“The Revival Tour was definitely something that was a moment in my career, but I never see anything as a big break. If I view something as a big break, it slows down motivation. I like to always be looking towards something, and once that job is over, I have to move on to the next one, and that’s my next big break. When you’re not freelancing, you can keep being promoted and you have a sustainable job, but when freelancing, you have to move on to the next one, so you just have to keep building up, and up, and up. I enjoy that part of it, though. I think it makes it exciting.”

What it was like working on the Revival Tour with Selena:

“A lot of the process was a discussion we had about really wanting to explore working with designers that didn’t typically do costume and stage wear. We didn’t want to have that typical costume feel, and we wanted to work with Karl Lagerfeld, who had never done a stage costume before, and Rodarte, and Monse. It was collaborative to an extent that we really talked about the direction we wanted to take, and then what designers we wanted to hit up. I gave her a list of who we wanted to target and that became the direction that we took.”


The challenge in putting together looks for the stage:

“Stage wear is so much different than red carpet dressing. The fabrics work differently, everything has to be washed on the road, and it has to sustain 110 shows. It can’t break. Those designers, the fabrics that they work with aren’t usually made for those kinds of things. Karl worked with the Paris Ballet in sourcing the fabrics that were going to work. He did this latex pant, and it had to be able to stretch and it had to be able to slide across the floor, and only a dance company would know how to really get a fabric that moved like that.”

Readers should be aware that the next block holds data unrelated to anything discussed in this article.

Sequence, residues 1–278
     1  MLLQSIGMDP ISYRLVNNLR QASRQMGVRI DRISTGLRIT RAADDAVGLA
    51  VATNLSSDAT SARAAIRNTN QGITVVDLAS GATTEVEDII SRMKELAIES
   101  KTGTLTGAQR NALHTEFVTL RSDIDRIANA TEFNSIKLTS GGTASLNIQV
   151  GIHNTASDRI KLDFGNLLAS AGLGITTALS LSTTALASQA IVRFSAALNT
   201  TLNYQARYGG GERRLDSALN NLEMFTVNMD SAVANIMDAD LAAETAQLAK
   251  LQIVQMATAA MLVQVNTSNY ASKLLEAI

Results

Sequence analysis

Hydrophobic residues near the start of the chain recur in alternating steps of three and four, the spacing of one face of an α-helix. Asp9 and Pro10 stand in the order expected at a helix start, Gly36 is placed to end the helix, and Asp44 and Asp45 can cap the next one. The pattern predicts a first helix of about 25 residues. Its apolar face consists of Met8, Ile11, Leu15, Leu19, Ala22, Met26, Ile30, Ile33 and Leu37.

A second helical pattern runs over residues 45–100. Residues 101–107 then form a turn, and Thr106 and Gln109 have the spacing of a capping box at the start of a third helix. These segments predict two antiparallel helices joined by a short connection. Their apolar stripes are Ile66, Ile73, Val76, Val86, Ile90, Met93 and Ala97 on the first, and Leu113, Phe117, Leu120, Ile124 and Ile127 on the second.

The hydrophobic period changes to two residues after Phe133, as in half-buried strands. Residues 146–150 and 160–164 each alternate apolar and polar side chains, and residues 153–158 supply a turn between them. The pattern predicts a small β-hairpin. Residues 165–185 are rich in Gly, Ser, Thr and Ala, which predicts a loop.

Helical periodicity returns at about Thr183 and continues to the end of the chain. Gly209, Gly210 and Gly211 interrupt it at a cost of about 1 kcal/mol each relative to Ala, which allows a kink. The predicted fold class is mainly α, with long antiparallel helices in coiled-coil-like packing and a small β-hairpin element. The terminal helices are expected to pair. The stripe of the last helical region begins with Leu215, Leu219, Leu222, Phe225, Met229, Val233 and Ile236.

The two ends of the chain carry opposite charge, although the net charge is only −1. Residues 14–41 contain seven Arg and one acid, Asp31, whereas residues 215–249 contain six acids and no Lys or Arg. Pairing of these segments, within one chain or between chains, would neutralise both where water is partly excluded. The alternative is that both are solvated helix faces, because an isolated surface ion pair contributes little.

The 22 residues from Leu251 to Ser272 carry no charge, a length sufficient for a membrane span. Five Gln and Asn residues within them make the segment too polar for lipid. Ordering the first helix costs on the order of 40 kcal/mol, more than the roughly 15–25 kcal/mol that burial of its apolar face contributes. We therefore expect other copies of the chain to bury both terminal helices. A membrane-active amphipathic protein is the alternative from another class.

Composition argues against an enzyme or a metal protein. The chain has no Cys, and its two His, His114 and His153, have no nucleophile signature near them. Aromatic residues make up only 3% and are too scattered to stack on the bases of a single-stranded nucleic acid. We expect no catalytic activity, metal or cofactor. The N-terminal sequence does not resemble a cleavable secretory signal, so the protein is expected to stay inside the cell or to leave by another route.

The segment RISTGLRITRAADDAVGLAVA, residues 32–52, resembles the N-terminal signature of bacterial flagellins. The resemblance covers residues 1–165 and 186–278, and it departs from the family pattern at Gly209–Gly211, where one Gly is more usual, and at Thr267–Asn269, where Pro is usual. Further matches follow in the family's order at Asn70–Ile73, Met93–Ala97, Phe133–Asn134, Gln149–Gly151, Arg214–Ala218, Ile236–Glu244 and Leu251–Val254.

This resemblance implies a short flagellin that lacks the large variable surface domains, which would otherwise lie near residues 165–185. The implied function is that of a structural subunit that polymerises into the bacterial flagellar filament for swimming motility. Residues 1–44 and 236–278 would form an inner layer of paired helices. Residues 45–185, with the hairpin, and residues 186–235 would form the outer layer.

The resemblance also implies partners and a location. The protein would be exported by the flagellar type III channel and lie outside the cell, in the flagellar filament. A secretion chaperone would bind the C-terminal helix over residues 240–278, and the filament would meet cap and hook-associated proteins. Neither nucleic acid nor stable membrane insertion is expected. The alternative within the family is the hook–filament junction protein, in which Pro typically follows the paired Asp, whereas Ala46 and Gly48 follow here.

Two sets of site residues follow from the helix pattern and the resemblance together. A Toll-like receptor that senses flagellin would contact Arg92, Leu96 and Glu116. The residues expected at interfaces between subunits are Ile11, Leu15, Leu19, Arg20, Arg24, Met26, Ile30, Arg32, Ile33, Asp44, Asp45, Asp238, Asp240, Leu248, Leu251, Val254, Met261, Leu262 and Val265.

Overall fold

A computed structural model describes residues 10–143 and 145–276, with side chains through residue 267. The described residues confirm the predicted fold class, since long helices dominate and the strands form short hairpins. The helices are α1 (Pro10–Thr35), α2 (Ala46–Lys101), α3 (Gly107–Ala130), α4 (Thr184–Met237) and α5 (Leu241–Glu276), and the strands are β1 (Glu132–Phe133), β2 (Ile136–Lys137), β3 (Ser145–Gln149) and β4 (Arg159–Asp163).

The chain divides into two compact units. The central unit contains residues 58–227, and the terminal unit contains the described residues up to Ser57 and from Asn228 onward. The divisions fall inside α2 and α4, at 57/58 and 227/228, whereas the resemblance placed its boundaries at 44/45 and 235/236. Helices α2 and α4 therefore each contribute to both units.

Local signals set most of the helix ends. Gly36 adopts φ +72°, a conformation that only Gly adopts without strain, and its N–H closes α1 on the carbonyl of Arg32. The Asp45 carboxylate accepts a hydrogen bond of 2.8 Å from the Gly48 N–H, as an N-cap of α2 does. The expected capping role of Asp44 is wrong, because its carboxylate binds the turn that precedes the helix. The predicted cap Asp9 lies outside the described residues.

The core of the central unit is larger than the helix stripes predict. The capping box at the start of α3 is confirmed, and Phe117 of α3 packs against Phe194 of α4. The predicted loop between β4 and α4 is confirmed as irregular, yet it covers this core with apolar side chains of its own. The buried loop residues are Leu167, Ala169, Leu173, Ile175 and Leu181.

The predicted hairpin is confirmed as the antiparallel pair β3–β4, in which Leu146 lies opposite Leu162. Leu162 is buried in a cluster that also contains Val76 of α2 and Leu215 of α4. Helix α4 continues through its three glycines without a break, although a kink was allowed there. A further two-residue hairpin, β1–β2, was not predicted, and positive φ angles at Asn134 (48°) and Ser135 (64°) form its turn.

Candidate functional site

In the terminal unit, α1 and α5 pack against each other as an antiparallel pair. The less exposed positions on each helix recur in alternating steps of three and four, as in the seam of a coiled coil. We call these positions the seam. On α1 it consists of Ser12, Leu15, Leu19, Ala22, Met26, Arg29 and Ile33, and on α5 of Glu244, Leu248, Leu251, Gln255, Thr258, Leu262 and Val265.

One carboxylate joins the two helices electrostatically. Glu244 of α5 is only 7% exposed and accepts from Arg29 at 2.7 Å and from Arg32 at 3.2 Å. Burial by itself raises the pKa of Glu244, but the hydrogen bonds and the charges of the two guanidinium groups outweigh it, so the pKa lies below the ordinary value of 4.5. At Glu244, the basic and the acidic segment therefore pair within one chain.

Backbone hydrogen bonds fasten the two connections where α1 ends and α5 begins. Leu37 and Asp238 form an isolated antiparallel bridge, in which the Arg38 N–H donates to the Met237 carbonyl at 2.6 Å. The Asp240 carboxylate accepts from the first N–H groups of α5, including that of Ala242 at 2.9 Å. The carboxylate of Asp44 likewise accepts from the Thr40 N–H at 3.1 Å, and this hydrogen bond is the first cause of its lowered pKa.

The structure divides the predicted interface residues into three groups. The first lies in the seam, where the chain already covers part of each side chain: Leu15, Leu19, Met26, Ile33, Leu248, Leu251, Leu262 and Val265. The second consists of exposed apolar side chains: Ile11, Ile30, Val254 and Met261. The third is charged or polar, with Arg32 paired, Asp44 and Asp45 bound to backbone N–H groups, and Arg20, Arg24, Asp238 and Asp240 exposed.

On what this tour says about Selena’s style evolution:

“We’ve been working on growing her, and she’s shown this amazing side of fashion in a different way, where we were taking pieces that typically would be on a red carpet and putting them on the street. We were knocking out 40 looks in one week, and I think that really helped show the world what her style is and who she is. Her style is very classic and really clean, but it always has this little twist, funk, and edginess to it that makes it sexy.”


What he loves most about working with Selena:

“She’s one of the hardest workers I’ve ever met, and one of the genuinely kindest people. She approaches everything with so much grace, and I think that’s a big thing I’ve learned working with her and viewing how she handles everything that comes to her. Everything is handled very gracefully and I love that.”